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Is the Baroque organ the preferred organ and how do other organs compare to it?

The term "Baroque" musically refers to a style of music that was in vogue during the Baroque period which started in the 1600's. This musical style was "flashy", elaborate and embellished. The organs used to perform this style of music were built to lend credence to the developing style. Therefore, whether the organ be old or modern, the requirements for an organ to perform Baroque music properly remains the same. Typically, this means a Baroque instrument will include lots of bright mixtures, reeds, mutations and highly articulate ranks to add the sizzle and flash the music requires (http://www.organstops.org/index.html ) within the limitations of the acoustical environment.

This worked well in the European settings where sanctuaries were built out of stone and could acoustically handle the brilliance of the Baroque instruments. However, when organ builders began to set up shop in the new world, buildings were commonly made out of wood and less able to handle the typical Baroque voicing. This meant a new kind of instrument would be needed. Partly because of acoustical changes in architectural materials and partly because of a change in the mood of organ composers, a new kind of organ tonality began to develop. It came to be known as the "Romantic" organ. Unlike the Baroque instruments, the Romantic organ favored dark, lush, warm sounds rather than brilliance. A typical Romantic organ will feature many ranks at the 8' pitch which allows an organist to intermingle colors together into a seemingly endless number of ethereal combinations.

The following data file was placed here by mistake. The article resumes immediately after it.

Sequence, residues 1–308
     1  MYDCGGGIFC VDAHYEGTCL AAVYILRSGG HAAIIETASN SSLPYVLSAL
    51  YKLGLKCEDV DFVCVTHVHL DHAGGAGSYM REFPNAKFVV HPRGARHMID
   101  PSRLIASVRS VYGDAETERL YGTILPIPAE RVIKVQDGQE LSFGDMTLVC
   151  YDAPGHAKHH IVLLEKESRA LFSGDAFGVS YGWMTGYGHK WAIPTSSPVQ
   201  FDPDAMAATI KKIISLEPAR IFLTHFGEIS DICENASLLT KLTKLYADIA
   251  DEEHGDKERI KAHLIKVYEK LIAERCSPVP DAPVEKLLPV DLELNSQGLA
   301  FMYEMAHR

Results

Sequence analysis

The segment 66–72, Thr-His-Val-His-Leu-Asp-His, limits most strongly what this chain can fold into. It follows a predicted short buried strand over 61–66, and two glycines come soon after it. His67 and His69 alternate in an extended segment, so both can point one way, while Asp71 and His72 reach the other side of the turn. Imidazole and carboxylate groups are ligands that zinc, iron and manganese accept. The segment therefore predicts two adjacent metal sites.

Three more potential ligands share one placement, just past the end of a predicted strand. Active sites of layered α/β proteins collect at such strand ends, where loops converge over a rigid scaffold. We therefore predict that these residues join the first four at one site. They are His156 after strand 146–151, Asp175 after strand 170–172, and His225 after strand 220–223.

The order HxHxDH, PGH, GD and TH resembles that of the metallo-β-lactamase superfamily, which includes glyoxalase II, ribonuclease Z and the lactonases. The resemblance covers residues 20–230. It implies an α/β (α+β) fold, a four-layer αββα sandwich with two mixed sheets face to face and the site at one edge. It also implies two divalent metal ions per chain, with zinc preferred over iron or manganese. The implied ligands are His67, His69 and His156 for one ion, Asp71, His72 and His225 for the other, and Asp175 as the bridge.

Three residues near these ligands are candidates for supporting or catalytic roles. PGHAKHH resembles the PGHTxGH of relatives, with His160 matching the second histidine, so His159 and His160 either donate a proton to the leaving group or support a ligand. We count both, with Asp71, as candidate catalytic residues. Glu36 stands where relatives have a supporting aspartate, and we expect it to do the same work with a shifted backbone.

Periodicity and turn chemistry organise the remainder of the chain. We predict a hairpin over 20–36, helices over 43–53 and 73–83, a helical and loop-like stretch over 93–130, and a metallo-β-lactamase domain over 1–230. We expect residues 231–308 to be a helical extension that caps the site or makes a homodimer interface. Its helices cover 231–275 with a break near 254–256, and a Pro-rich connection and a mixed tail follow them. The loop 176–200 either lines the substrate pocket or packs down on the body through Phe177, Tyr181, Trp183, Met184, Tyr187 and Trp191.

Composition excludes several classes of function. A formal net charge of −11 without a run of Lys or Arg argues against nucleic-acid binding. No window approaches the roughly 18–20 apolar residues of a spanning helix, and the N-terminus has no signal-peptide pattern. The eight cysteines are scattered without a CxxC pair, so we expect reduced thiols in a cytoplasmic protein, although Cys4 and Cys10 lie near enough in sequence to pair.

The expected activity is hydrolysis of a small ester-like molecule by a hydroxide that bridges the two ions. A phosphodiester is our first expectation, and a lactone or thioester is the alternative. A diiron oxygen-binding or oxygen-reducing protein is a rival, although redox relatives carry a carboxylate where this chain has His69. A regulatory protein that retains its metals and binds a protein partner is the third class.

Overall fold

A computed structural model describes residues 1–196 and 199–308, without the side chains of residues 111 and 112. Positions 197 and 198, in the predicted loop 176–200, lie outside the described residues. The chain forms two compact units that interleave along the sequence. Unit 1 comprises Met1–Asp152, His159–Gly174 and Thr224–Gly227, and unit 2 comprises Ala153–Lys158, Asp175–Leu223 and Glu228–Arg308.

Neither Baroque nor Romantic organs are preferential. A Baroque organ lends itself to music that is typically Baroque in style. A Romantic organ lends itself to music written specifically in the Romantic style. Both represent exquisite musical creations each having their place in the wonderful world of composition, tone and emotion.